9/14/2018 Weekly Update: Through the Past Darkly

9/14/2018 Weekly Update: Through the Past Darkly

by Zach Marsh on Sep 14, 2018

Weekly Recap

S&P 500                +0.98%

10 Year Treasury   -0.38%

Gold                      -0.19%

Volatility              -19.28%




Weekly Update:  Through the Past Darkly


Last night my eldest son asked me a question:  In sixty years will people look back at today as the era of school shootings?  My initial response was that it is impossible to know how we’ll view today in the rearview mirror of tomorrow.  But it made me think, what strange animals we are.  Our present seems chaotic, our past romantic, and our future vacillates between hope and doom.  I told my son that probably every generation thought the previous generation had it better, and that the present world was in a state of decay or collapse.  By all appearances the past was much simpler, much easier.  Certainly our forefathers and mothers had it much better.  And our current world had devolved into a more violent and inhumane place.  But our reality discredits the myth of nostalgic thinking. 

Looking back over the 20th century, it is easy to gloss over the death, violence and absolute chaos that pervaded the first 50 years.  It is easy to forget that roughly 125 million people died as a result of war or armed conflict from 1900-1950.  The tragedy of the 27 million people who have died in conflict since 1950, when compared to the prior 50 years, takes on new context.  When studying history, one of the things that astonished me was that immediately following the horror of World War 1, the Spanish Flu caused upwards of 100 million deaths within a two year period between 1918-1920.  In total, 1 in 20 people died as a result of the Spanish flu and WWI between 1914-1920.  Imagine what death on that magnitude would be like today?

This is what history teaches us.  History adds context to our present day.  My son, while begging to drop AP European History, says, “I’m never going to need this in my life.”  My answer to him is this:  without it, how can you evaluate the present.  Our hyperbolic media feeds our behavioral tendency to believe the world is falling apart.  But if we take a step back we might see that we actually live at the pinnacle of world advance.  In 2016, in a guest editorial for Wired Magazine, Barack Obama wrote, “We are far better equipped to take on the challenges we face than ever before.  I know that might sound at odds with what we see and hear these days in the cacophony of cable news and social media.  But the next time you’re bombarded with…claims about how our country is doomed…brush off the cynics and fearmongers.  Because the truth is, if you had to choose any time in the course of human history to be alive, you’d choose this one.  Right here in America, right now.”[1]  I don’t believe all that much has really changed in 2 years.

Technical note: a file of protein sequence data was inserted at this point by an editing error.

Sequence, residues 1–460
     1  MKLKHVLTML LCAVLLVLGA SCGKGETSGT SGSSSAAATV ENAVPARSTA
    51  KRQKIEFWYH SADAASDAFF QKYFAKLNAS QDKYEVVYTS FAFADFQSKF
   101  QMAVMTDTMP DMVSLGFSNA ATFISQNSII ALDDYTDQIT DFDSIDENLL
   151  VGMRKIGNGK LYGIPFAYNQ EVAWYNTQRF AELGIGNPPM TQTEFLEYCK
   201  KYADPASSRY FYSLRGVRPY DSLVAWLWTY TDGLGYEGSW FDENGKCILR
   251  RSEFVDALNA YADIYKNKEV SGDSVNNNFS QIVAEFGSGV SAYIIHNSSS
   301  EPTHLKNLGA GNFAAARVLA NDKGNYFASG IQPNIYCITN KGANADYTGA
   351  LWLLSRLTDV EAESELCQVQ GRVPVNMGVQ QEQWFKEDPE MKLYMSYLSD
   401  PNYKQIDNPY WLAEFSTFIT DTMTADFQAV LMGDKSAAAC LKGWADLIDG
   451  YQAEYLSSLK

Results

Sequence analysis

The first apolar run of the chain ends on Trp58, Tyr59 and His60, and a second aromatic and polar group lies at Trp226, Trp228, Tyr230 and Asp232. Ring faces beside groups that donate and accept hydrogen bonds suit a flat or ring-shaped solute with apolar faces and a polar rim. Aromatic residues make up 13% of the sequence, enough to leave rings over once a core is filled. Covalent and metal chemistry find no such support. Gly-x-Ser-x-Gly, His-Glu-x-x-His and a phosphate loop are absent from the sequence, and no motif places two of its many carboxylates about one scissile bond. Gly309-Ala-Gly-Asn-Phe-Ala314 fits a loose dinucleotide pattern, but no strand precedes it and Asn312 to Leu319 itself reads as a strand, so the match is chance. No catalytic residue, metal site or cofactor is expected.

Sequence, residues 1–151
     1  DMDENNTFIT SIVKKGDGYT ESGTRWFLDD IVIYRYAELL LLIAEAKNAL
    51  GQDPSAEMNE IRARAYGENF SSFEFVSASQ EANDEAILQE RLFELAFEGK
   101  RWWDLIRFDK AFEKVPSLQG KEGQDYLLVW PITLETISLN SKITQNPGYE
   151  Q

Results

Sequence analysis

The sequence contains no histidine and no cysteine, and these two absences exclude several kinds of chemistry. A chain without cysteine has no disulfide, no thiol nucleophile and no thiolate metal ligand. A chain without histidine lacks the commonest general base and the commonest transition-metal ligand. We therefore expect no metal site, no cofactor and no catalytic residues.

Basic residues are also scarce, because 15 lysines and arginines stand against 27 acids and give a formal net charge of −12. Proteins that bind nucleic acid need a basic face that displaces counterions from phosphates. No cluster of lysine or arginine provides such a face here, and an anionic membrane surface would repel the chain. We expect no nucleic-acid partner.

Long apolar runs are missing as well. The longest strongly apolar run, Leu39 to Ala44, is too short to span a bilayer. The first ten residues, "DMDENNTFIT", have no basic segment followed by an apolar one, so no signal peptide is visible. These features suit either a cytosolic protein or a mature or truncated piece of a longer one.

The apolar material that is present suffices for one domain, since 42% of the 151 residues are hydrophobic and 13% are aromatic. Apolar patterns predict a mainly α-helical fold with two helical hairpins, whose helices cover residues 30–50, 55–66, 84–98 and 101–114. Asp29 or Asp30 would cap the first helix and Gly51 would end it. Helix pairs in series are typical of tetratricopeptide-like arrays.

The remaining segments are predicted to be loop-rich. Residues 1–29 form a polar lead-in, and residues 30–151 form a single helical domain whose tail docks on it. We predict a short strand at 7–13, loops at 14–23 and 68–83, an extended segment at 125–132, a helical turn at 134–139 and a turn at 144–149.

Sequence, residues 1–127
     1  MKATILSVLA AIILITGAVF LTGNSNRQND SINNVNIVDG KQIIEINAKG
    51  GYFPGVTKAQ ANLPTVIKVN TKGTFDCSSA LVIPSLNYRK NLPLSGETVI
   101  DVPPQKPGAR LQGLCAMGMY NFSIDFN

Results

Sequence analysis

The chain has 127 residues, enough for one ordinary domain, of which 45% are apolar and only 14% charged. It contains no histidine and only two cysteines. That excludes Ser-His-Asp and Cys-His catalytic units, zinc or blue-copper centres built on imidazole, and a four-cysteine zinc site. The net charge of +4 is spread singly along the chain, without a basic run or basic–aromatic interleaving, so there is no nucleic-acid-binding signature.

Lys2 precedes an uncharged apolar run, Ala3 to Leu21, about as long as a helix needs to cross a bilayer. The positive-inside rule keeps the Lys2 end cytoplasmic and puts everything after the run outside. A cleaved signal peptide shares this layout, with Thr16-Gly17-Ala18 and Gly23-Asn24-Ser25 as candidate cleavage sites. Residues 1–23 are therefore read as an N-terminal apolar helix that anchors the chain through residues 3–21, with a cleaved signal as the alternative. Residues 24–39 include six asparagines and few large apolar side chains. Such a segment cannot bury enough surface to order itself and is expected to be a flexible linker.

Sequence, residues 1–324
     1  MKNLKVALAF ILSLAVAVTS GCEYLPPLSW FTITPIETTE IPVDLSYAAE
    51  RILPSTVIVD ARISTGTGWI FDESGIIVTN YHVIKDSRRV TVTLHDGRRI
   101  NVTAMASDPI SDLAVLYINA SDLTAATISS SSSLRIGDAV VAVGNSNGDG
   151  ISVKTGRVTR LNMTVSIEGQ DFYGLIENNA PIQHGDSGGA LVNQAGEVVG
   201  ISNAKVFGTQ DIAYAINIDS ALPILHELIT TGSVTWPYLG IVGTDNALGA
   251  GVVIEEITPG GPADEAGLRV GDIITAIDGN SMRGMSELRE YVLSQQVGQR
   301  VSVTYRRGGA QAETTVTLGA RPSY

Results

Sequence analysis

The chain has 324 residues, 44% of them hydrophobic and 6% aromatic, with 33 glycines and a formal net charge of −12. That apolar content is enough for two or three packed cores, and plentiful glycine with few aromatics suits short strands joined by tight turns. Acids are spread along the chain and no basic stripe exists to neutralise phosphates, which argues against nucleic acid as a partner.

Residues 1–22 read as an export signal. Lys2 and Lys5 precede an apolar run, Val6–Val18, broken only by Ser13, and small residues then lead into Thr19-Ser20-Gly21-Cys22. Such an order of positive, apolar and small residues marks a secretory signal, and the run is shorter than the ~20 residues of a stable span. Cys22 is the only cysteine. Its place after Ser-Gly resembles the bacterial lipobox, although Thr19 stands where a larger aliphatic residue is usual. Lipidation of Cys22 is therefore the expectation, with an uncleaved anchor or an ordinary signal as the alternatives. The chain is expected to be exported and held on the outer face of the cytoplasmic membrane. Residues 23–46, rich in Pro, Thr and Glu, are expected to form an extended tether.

So, what does this means for the markets and your investments?  It means that where we are in the cycle is important only for the near term.  It means that comparisons of investment strategies should not be viewed based upon 6-12 month look-backs, but rather 3-5 year periods at a minimum.  When we analyze the efficacy of an investment strategy we ask ourselves how well this performs on 3 and 5 year rolling monthly return sequence.  Because even the most profitable strategy can underperform during shorter periods, but a durable strategy is one that wins out on longer time horizons.  History and past results, while certainly no guaranteed predictors of the future, are our context for our present day position.          


Thanks for reading,

Zach and Dave

Calibrate Wealth




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[1] Wired Magazine October 12, 2016